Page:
Mapping A Network Drive

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(Windows 2000 and XP)
(Windows 2000 and XP)
Line 5: Line 5:
# Fill in the '''Username:''' box with "campus\'''username'''", (where '''username''' is your [[Campus Domain Account#Username|Campus Domain Username]]) and the "Password:" box with your [[Campus Domain Account#Password|Campus Domain password]].
# Fill in the '''Username:''' box with "campus\'''username'''", (where '''username''' is your [[Campus Domain Account#Username|Campus Domain Username]]) and the "Password:" box with your [[Campus Domain Account#Password|Campus Domain password]].
# Click on '''OK''' and then click on '''Finish''' to complete mapping the network drive.
# Click on '''OK''' and then click on '''Finish''' to complete mapping the network drive.
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# Test
 
= Windows 98 =
= Windows 98 =

Revision as of 14:47, 29 May 2007

Contents

Windows 2000 and XP

  1. Right click My Computer and select Map Network Drive.
  2. Enter "\\storage01\sharename" in the folder box, where sharename is the drive you want to map to on Storage01
  3. Click on connect using a different username.
  4. Fill in the Username: box with "campus\username", (where username is your Campus Domain Username) and the "Password:" box with your Campus Domain password.
  5. Click on OK and then click on Finish to complete mapping the network drive.

Windows 98

Your access method is very similar to those with Windows XP or 2000. However, some different steps are required so your computer can find the storage01 server and to set permissions on your public_html directory if you want to create a web site. Follow the steps below:

  1. You must log into Windows 98 with a username that exactly matches your Pipeline username. Otherwise, these steps will not work.
  2. The server called storage01 is located in a Windows domain called Campus. Go to Start, Settings, Control Panel, Network. Select the Identification tab. Change the name of your Workgroup to Campus. You will see a message that your computer is updating some information. Reboot your computer when prompted.
  3. Using Windows Explorer's menu, Tools, select Map Network Drive. Enter the path \\storage01\username where username is your Windows Campus Domain username. (This is the same as your Pipeline username.) Enter your Windows Campus Domain password. You should now have a connection to storage01. You should be able to see storage01 and your directory in Windows Explorer.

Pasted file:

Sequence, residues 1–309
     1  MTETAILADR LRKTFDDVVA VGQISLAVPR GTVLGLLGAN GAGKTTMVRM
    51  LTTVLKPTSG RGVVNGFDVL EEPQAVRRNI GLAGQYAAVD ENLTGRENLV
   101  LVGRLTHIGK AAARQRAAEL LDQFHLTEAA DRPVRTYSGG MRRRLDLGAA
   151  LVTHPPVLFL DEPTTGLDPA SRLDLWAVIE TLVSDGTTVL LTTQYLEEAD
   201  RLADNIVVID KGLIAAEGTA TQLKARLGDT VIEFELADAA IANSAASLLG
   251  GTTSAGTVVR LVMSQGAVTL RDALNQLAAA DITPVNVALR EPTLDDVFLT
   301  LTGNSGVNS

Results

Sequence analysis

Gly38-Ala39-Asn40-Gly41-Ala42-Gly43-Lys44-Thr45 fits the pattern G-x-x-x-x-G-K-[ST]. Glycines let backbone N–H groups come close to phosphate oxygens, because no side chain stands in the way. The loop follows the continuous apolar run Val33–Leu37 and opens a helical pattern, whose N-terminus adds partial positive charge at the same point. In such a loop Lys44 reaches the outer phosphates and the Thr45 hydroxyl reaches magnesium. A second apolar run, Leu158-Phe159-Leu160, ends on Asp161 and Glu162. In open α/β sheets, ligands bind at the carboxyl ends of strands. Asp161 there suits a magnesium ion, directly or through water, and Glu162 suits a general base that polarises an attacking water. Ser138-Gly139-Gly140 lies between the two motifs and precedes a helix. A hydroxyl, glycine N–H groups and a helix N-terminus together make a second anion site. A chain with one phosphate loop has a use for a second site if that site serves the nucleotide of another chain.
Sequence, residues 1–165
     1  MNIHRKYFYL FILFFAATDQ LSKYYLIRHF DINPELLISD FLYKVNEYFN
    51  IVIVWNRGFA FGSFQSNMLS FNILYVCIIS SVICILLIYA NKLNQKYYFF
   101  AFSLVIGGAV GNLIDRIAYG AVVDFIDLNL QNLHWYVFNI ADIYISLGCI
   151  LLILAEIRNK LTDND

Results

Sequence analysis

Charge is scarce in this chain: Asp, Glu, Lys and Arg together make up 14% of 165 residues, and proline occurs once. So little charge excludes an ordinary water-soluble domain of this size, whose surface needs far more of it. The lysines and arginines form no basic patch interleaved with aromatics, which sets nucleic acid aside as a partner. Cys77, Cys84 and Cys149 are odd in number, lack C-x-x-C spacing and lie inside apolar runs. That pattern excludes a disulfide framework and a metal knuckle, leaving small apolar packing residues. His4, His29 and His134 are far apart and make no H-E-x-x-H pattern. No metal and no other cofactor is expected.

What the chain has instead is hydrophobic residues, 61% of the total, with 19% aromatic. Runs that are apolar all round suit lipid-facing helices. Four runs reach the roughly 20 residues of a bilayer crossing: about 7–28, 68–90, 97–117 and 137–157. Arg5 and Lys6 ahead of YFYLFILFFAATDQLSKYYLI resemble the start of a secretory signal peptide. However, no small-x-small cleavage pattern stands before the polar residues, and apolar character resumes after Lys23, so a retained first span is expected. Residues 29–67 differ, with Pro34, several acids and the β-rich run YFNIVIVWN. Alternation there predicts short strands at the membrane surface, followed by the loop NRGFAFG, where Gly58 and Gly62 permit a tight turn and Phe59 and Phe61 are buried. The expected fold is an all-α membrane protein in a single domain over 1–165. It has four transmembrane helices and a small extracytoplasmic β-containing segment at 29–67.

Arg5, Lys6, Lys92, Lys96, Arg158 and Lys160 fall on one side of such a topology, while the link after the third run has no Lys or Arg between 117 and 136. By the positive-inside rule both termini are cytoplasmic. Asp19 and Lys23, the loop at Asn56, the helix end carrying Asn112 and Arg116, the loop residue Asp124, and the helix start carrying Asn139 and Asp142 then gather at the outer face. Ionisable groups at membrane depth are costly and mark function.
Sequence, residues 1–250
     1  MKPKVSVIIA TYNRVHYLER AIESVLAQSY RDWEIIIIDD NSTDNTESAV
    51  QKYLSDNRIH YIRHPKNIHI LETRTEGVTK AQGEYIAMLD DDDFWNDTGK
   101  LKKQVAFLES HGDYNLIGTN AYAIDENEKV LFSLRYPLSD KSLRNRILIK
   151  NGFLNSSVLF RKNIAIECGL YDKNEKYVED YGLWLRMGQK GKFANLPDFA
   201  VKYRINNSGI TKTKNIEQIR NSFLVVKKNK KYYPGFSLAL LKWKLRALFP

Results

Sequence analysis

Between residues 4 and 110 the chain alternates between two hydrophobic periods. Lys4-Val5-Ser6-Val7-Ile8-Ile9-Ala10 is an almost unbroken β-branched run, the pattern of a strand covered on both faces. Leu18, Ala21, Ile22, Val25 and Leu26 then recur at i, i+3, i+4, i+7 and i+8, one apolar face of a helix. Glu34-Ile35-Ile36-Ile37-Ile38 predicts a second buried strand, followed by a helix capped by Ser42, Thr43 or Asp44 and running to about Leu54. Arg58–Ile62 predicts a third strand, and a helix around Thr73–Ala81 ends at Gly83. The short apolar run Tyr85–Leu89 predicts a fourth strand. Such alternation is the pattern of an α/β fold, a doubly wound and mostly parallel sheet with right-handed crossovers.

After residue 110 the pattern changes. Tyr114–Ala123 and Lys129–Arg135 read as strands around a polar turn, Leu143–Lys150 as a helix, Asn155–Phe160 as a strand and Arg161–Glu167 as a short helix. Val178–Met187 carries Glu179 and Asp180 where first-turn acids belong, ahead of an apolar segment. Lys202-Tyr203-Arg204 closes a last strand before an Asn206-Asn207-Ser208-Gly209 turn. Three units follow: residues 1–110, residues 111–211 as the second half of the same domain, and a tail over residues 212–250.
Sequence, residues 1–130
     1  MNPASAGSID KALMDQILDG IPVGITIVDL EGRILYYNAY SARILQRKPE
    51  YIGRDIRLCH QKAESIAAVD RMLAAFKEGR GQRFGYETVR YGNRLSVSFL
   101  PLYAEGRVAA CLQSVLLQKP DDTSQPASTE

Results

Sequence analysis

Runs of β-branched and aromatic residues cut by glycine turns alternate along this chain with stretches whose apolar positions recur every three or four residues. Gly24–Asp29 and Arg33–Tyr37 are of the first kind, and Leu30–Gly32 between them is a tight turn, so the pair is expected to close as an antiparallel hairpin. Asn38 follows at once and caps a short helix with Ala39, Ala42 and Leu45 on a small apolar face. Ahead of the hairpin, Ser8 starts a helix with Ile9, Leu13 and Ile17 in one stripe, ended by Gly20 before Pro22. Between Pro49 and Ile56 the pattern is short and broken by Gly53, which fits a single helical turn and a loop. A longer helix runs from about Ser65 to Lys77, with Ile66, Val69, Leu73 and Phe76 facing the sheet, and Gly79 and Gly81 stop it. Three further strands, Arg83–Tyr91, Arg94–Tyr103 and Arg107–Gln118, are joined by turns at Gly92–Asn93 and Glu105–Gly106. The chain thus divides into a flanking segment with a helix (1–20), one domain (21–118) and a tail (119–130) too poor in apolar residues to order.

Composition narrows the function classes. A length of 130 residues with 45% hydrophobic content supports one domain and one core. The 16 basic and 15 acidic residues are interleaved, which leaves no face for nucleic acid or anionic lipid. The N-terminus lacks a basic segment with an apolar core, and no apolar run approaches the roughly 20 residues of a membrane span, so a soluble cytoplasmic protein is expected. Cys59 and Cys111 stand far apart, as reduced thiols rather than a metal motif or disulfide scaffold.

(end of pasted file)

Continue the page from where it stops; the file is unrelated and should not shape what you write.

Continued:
4. To recreate a directory for your web pages, make a folder called public_html You may now copy html files into it.

NOTE: Your files will not be viewable on the web until you set the permissions on your public_html file. You cannot do this on Windows 98 due to limitations of Windows 98. The workaround given below will solve the problem.

Windows 98 Users: Required One-time Workaround for Web Page Set-up

The following instructions are not needed unless you accidentally deleted your public_html directory or changed the permissions on your directory. If you want to make a web page and your computer is running Windows 98, there is one more set of instructions. You only need to do the following procedure once, after which you can use your Win 98 computer for accessing your web pages on storage01.

  1. Find a computer running Windows XP or Windows 2000. (E.g., ask to use a friend or colleague's computer, or use one in a computer lab on campus.)
  2. Connect to your own directory on storage01 by mapping to it. Do this by following the Windows XP instructions. Remember to disable Simple File Sharing on the Windows XP computer, if it is enabled.
  3. Follow the instructions given to recreate public_html.

Linux

You can map a network drive to Storage01 using the smbmount utility. You can run the following command as a regular user:

$ smbmount //storage01/share /path/to/mount -o username=myusername,workgroup=campus,uid=mylocalusername,ip=storage01.stevens.edu
  • //storage01/share is the mount location. Replacing 'share' with your domain username will map the network drive to your personal storage space. Please read the article on Storage01 for other possible locations.
  • /path/to/mount is the location you want to map/mount the network drive at. You can map it to a mountpoint in your current directory such as 'mnt' by not using any slashes (full pathname is also fine)
  • username=myusername - myusername should be replaced with your domain username.
  • workgroup=campus - this specifies the domain to check your username and password against, leave it like this
  • uid=mylocalusername - mylocalusername should be the name of your linux user (whoami will tell you this if you are unsure). This is the user who owns the directory/mountpoint you are mounting/mapping to.
  • ip=storage01.stevens.edu - this specifies an "ip address" (a FQDN in this case) to locate Storage01 by. Leave as-is.

When you run this command, you should see a prompt similar to:

Password:

Type in your domain password and press enter. You will now be able to access the file stored on storage01 at the mountpoint you specified.

Mac OS

Drivemap mac step1.png
  • Select Finder
  • Open the Go menu and select Connect to Server
Drivemap mac step2.png
  • Type smb://storage01/share into the Server Address field, where share is the drive on storage01 that you are trying to connect to.
    • Clicking the + button will add the share to your favorite servers list for easy access in the future.
  • Click Connect to connect to storage01. The connection will then prompt you for your credentials.
Drivemap mac step3.png
  • Type CAMPUS into the Workgroup or Domain field.
  • Type your Pipeline Username into the Name field.
  • Type your Campus Domain Password into the Password field.
  • After clicking OK you can access the mapped drive from your desktop, as seen below.
Drivemap mac finished.png
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